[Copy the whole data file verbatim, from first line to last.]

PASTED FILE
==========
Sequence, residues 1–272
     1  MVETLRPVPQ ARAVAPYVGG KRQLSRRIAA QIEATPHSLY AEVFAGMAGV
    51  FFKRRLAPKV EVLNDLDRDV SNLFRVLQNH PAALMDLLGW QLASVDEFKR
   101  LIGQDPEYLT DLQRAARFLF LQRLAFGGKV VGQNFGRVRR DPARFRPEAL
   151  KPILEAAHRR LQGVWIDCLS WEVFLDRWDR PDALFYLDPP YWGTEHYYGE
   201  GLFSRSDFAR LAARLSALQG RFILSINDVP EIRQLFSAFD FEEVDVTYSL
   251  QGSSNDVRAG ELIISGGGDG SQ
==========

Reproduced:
Sequence, residues 1–272
     1  MVETLRPVPQ ARAVAPYVGG KRQLSRRIAA QIEATPHSLY AEVFAGMAGV
    51  FFKRRLAPKV EVLNDLDRDV SNLFRVLQNH PAALMDLLGW QLASVDEFKR
   101  LIGQDPEYLT DLQRAARFLF LQRLAFGGKV VGQNFGRVRR DPARFRPEAL
   151  KPILEAAHRR LQGVWIDCLS WEVFLDRWDR PDALFYLDPP YWGTEHYYGE
   201  GLFSRSDFAR LAARLSALQG RFILSINDVP EIRQLFSAFD FEEVDVTYSL
   251  QGSSNDVRAG ELIISGGGDG SQ